• Overall objective: Student understands and appreciates diversity of people in American society.
    • Subobjective 1: Student can define diversity.
    • Subobjective 2: Student can tell/write instances of how diverse persons/groups have enriched American life.
    • Subobjective 3: Student can analyze in writing how maintaining appreciation for diversity is a fragile & difficult goal to achieve.

Another example:

  • Overall Objective: Students will demonstrate respectful behavior while working in small groups.
    • SO #1: Students will establish eye contact with the speaker.
    • SO #2: Students will refrain from talking while another student is talking.
    • SO #3: Students will give feedback (both positive & negative) to group members in a positive & respectful manner.
    • SO #4: Students will wait their turn to speak and/or will interrupt politely (when appropriate).

Example from former Intro to Teaching student:

  • Overall Objective: Students will improve “helping” skills when playing the role of peer tutor in math partner activities.
    • SO #1: Students will check or monitor each problem of peer’s work.
    • SO #2: Students will offer specific, positive suggestions for improvement when incorrect performance is observed.
    • SO #3: Students will give specific praise or specific feedback on correct performance.
  • Let’s write 1 together.
    • Overall Objective: “Students will recognize art in their daily lives and will overcome any fears or stereotypes regarding art.”
      • Subobjective #1:
      • Subobjective #2:
  • Now, alone or with partner, write general objective for “demonstrate teamwork”. Include both Overall Obj & supporting subobjectives (at least 2).
  • If finished, think of another abstract skill or concept, and write general obj for it.

Another general approach:

  • Bloom’s Taxonomy of Educational Objectives
    • Looks at “way students think”, not just content
    • For this course, will NOT write this type
  • However, important to understand Bloom so that we:
    • Make sure students’ thinking progresses from basic to abstract
      • Facts before understanding
      • Understanding before application
      • Apply before evaluate, analyze or create
  • If all we teach is factual…
  • Or, if we ask students to apply without facts/understanding…
  • Helps us develop both lower-order thinking skills (LOTS) & higher-order thinking skills (HOTS)


  • Lower-order thinking skills
    • Remember
  • Higher-order thinking skills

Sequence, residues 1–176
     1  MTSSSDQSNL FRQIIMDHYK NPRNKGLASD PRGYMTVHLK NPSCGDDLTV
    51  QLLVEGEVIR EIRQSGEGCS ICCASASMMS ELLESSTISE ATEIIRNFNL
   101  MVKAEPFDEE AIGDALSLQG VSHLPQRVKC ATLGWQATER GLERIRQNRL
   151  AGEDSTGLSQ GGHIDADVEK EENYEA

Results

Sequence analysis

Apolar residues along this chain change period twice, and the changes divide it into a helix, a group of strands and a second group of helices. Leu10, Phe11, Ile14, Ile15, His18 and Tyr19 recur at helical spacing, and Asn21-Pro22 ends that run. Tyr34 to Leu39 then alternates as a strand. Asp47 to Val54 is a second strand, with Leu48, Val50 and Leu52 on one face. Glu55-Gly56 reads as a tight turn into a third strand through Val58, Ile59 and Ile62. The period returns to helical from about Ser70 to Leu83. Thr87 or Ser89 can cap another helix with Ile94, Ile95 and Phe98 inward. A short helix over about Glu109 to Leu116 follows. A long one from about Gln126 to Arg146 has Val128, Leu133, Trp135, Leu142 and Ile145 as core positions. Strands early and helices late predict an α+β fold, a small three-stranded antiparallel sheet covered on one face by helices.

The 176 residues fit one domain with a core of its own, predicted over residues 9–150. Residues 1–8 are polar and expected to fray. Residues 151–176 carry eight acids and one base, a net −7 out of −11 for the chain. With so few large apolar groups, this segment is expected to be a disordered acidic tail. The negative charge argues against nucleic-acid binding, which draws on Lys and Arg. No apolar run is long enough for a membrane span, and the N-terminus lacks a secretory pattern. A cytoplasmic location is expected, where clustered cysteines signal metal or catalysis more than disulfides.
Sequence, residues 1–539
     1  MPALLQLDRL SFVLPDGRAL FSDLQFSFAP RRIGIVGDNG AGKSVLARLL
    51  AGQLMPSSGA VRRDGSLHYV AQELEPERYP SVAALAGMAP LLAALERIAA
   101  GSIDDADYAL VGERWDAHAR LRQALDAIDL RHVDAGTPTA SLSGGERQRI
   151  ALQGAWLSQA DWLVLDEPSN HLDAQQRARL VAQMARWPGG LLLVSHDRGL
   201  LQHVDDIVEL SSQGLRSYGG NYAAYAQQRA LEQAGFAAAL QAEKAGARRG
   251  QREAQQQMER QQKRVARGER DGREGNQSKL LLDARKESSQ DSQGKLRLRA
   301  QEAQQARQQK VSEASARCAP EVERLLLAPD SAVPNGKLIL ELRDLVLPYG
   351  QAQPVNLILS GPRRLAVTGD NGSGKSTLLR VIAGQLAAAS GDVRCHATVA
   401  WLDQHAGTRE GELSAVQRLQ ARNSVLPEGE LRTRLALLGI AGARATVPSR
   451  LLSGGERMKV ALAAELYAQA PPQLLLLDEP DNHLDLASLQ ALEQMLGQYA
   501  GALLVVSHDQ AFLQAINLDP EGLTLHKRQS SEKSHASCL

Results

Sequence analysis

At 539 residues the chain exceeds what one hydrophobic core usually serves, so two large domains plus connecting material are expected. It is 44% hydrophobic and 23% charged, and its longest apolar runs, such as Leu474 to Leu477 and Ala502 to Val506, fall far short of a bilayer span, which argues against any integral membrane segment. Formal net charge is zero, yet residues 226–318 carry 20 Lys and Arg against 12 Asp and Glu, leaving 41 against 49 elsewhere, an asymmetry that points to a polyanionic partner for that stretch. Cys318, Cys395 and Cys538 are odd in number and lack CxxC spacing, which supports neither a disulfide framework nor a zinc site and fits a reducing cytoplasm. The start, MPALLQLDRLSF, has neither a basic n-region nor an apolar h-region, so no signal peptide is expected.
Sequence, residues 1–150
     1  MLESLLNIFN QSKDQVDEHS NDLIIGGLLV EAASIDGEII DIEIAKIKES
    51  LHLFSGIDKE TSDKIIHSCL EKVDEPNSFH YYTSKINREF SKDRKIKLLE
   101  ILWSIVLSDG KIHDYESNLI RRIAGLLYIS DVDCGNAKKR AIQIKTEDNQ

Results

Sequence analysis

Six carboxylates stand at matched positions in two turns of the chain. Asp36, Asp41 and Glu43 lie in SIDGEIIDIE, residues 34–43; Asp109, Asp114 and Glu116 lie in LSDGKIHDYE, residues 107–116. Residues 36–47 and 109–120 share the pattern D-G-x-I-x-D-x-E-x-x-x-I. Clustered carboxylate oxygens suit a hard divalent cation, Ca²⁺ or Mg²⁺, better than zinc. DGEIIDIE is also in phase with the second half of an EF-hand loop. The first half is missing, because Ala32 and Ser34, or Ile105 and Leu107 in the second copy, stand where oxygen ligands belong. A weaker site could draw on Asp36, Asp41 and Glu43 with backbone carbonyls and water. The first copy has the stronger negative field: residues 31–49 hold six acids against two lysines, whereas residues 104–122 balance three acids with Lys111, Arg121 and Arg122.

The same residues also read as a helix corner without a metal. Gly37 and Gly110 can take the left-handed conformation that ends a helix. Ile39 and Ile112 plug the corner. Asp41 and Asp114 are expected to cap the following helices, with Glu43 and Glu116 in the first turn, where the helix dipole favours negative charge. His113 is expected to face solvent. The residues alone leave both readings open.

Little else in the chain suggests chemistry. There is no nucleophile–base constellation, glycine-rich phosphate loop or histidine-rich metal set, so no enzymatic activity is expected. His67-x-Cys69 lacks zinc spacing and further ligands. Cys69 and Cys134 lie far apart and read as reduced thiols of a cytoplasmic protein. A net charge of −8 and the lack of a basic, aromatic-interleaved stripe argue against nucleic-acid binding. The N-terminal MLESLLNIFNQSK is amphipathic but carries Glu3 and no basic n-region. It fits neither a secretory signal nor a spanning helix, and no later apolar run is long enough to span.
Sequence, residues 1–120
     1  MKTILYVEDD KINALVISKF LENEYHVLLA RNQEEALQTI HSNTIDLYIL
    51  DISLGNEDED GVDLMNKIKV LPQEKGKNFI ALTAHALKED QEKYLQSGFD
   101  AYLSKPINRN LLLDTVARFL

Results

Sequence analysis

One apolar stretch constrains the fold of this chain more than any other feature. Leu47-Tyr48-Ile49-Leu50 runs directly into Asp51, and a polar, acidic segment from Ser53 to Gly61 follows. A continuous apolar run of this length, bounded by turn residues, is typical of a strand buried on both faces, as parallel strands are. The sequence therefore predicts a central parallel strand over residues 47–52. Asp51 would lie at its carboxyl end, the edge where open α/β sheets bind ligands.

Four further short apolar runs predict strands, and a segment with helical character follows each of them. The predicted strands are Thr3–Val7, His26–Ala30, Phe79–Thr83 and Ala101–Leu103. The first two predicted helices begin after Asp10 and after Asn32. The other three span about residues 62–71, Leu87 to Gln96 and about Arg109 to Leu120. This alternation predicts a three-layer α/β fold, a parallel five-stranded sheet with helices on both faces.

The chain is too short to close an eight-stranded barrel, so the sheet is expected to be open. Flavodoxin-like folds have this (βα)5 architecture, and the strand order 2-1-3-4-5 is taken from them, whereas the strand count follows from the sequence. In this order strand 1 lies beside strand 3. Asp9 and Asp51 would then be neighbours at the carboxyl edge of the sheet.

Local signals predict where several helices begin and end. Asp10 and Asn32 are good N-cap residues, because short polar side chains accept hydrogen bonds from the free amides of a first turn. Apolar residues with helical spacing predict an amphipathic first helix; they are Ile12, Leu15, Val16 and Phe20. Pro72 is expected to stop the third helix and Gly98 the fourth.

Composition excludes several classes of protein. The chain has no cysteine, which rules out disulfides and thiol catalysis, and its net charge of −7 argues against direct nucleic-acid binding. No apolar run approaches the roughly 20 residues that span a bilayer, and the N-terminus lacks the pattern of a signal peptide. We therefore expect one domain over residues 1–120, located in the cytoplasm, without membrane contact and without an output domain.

• All others (understand, apply, evaluate, analyze, create)
  • Bloom’s Taxonomy is two-dimensional:
  • Knowledge dimension (different types of knowledge)
    • Factual knowledge – basic elements
    • Conceptual knowledge – interrelationships among basic elements
    • Procedural knowledge – knowing “how” to do something
    • Metacognitive knowledge – knowledge about one’s own cognition (how one thinks & learns) and when to use conceptual & procedural knowledge
  • Cognitive process dimension (type of thinking required)
    • Rememberretrieve, recognize, recall
    • Understand – construct meaning, interpret, classify, summarize, compare explain
    • Apply – carry out, use, implement
    • Analyze – break into parts & determine how they relate (differentiate, organize)
    • Evaluate – make judgments or critique based on criteria
    • Create - put elements together to form a new pattern (generate, plan, produce)

In these objectives, identify category of knowledge & cognitive process (use previous slide as guide)

  • Students will recall the 3 components of a behavioral objective.
  • Students will explain the causes of important 18th century events in France.
  • Students will use effective strategies for answering essay test questions.
  • Students will write a lesson plan for a direct instruction lesson.
  • With partner or alone, look at objectives you wrote earlier:
    • Identify type of knowledge & cognitive process required for each.
    • Be prepared to share with class.

Bloom classifies objectives across 3 domains (The 3 Hs):

  • Bloom classifies objectives across 3 domains (The 3 Hs):
      • Cognitive – mental; thinking (head)
      • Psychomotor – not just PE; handwriting, typing, lab work, cutting, pasting (hands/body)
      • Affective – emotional responses, such as valuing, making commitment to, demonstrating passion for, demonstrating diligence (heart)

Determining domain – cognitive, psychomotor, or affective

  • Cutting & pasting -
  • Developing mnemonic -
  • Demonstrate positive self-esteem –
  • Identifying key points in Battle of Gettysburg –
  • Demonstrate teamwork & cooperative behavior during cooperative (small group) learning activity –
  • Use QWERTY style in typing document -
  • Let’s determine domain for objectives you wrote:

Again, we will only use Mager’s & Gronlund’s approaches; however…